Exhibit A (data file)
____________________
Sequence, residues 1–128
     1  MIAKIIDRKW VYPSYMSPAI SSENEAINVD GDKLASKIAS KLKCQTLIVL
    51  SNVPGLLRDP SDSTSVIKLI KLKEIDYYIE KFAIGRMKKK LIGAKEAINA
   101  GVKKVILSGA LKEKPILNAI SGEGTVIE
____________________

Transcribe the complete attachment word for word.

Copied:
Sequence, residues 1–128
     1  MIAKIIDRKW VYPSYMSPAI SSENEAINVD GDKLASKIAS KLKCQTLIVL
    51  SNVPGLLRDP SDSTSVIKLI KLKEIDYYIE KFAIGRMKKK LIGAKEAINA
   101  GVKKVILSGA LKEKPILNAI SGEGTVIE